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FCS 371 Research Methods in HHD   Tags: course_guide, health and human development  

Research Methods in HHD
Last Updated: Aug 19, 2014 URL: http://guides.lib.montana.edu/FCS371 Print Guide RSS Updates
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HOW DO I FIND ..........

How do I find a REVIEW JOURNAL in my field?   Go into the JOURNALS BY TITLE database and do a "TITLE CONTAINS ALL WORDS" search for REVIEW and EXERCISE (or NUTRITION, or PUBLIC HEALTH or whatever your field is). 

How do I find 10 journals in my field?  Search the JOURNAL CITATION REPORTS database in the middle column of this guide; search by SUBJECT CATEGORY and select HEALTH.  Choose 10 from the list.  Open each of your 10 journal titles by clicking on it and you'll see IMPACT FACTORS for each title. (note: You can also find journals in your field using the Journals By Title database, linked above, but this database won't give you impact factors if that's what you're also seeking.)

Do journal IMPACT FACTORS change year to year?  Sometimes, and if so, the impact factor change might be influenced by several different factors:  if a journal publishes more review articles in a given year, its impact might go up because review articles are typically cited more than other types of articles (studies); or a journal's impact factor might change because of publishing trends in the field, etc.

How do I find a QUANTITATIVE STUDY on my topic?  Go into the PSYCINFO database, listed in the middle column of this guide, and on the search screen, scroll down to the METHODOLOGY drop-down menu and check QUANTITATIVE to add that to your search.  Then limit also to JOURNAL ARTICLES and search your topic (for example, nutrition counseling  OR knee injuries, or any topic of interest to you in your field).  OR search your research topic in any database and include the term STUDY in your search.  Once you locate an article of interest, look for the components of a quanitative study in that article, including Methods/Methodology, Population sample studied, Findings/Results, statistics gathered in the study represented in charts, graphs, tables, etc.

PEER REVIEW-- note that many of the library databases allow you to limit to PEER REVIEWED articles right from the search screen; you can also often narrow to PEER REVIEWED from your results list -- look for this option in either the right or left column of your results page, depending on which database you're in.

How do I find a QUALITATIVE STUDY on my topic?  Go into the PSYCINFO database, listed in the middle column of this guide, and on the search screen, click on BROWSE METHODOLOGY, check QUALITATIVE and add that to your search.  Then limit also to JOURNAL ARTICLES and search your topic.  For example, nutrition counseling  OR knee injuries or any topic of interest to you in your field. OR use any database, and include the term QUALITATIVE in one of your search boxes along with your topic:  for example, nutrition and athletes and qualitative.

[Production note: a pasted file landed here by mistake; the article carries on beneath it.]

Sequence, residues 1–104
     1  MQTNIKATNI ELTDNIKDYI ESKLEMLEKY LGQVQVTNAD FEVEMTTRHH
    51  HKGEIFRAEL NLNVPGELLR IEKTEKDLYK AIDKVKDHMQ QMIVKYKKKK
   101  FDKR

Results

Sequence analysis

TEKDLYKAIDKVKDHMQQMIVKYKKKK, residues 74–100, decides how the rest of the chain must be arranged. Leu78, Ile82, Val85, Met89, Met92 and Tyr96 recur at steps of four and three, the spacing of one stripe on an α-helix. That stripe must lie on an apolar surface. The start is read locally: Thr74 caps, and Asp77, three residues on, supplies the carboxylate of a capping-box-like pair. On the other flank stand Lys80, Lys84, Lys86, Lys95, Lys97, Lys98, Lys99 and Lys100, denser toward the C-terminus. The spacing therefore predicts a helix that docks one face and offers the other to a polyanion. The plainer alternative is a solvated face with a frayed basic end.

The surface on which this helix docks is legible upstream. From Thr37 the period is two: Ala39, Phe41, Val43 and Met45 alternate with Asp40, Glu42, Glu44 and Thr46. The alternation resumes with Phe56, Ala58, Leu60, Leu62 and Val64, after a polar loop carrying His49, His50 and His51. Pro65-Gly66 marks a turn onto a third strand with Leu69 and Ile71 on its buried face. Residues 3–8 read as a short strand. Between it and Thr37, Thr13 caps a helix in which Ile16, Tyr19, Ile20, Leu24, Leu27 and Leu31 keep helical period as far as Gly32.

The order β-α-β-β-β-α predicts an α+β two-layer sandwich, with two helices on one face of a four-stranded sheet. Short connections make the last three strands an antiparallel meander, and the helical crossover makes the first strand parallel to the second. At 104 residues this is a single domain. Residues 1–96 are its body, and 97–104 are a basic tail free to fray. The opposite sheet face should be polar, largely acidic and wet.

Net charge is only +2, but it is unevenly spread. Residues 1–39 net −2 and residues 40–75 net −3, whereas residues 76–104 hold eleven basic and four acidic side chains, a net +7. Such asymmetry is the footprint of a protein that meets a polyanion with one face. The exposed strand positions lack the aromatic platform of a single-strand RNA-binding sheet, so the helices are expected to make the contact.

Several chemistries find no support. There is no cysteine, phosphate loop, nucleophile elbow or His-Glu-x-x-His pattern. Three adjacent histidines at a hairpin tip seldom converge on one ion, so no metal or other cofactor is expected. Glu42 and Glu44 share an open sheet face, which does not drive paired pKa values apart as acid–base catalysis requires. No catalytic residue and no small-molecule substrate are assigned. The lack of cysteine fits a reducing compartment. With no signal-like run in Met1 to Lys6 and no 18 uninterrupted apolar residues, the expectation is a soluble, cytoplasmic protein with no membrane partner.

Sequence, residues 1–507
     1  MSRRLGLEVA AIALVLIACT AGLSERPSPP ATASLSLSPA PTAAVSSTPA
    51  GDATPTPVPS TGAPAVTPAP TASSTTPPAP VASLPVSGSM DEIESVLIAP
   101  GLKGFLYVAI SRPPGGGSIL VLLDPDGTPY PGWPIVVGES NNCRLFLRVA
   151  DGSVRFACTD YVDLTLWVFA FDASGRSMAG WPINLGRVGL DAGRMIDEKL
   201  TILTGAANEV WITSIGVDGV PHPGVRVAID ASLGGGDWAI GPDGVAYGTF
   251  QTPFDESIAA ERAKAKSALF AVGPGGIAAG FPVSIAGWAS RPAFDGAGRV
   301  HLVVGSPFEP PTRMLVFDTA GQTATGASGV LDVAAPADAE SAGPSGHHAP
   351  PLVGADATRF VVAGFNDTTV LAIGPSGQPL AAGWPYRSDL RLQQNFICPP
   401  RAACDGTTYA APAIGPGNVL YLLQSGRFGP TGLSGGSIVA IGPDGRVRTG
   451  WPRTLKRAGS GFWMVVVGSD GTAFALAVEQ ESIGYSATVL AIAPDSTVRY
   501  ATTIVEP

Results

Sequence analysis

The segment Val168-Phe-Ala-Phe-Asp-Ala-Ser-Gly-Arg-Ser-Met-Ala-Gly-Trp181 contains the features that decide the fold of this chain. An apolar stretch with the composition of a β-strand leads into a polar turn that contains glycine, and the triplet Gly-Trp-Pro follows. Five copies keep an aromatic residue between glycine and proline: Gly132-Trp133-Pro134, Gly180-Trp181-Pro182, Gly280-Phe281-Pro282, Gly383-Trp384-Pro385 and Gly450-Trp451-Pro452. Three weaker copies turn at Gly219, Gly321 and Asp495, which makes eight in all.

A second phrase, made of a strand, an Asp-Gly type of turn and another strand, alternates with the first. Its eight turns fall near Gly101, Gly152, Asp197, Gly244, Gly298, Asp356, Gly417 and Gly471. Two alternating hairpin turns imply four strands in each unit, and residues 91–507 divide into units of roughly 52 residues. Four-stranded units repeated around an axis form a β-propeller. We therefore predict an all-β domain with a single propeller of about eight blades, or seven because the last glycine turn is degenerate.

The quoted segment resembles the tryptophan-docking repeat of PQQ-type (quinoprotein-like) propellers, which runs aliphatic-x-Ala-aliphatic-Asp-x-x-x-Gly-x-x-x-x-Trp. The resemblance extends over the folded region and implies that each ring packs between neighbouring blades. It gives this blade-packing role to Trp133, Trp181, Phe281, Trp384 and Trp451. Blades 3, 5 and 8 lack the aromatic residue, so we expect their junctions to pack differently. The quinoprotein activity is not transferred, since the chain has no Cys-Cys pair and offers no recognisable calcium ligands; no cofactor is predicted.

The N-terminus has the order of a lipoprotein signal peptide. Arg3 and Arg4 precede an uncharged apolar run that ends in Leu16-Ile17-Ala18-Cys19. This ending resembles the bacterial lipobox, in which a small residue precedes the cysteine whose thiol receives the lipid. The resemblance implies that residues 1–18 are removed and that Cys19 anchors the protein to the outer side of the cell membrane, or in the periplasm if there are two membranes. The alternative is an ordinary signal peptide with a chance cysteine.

How do I find 2 research articles done by MSU researchers?  Go into the WEB OF SCIENCE database, type in your topic (such as exercise science); in the second search box, type in MONTANA STATE and then change the drop down menu to ADDRESS.  Click Search and pick any two that you like.

How do I find 5 lead authors/researchers in my field? Go into the WEB OF SCIENCE CORE COLLECTION database (a subset of the Web of Science database), and type in your discipline or major (exercise science, nutrition, community health, etc.).  From the results page, look at the BLUE BOX in the left column.  Click on the AUTHORS link and look at the top five authors listed.  The number of articles that each of those authors has cited in the Web of Science Core Collection database will appear after their name in parentheses.

      
     

    Magazines vs. Journals: What's the difference?

    Journal cover   Scholarly Journals

    • Authors are experts/authorities in their fields.
    • Authors cite their sources in endnotes, footnotes, or bibliographies.
    • Individual issues have little or no advertising.
    • Articles must go through a peer-review process (experts in the discipline evaluate each author's work before any articles are published).
    • Articles are usually reports on scholarly research.
    • Illustrations usually take the form of charts and graphs.
    • Articles use jargon of the discipline.
    • Articles are typically five or more pages in length.

    Time Magazine   Popular Magazines

    • Authors are magazine staff members/regular columnists or free lance writers.
    • Authors often mention sources, but rarely formally cite them in bibliographies.
    • Individual issues contain numerous advertisements.
    • There is no peer review process.
    • Articles are meant to inform and entertain (thus they are also thought of as consumer publications because they are published for a wide audience).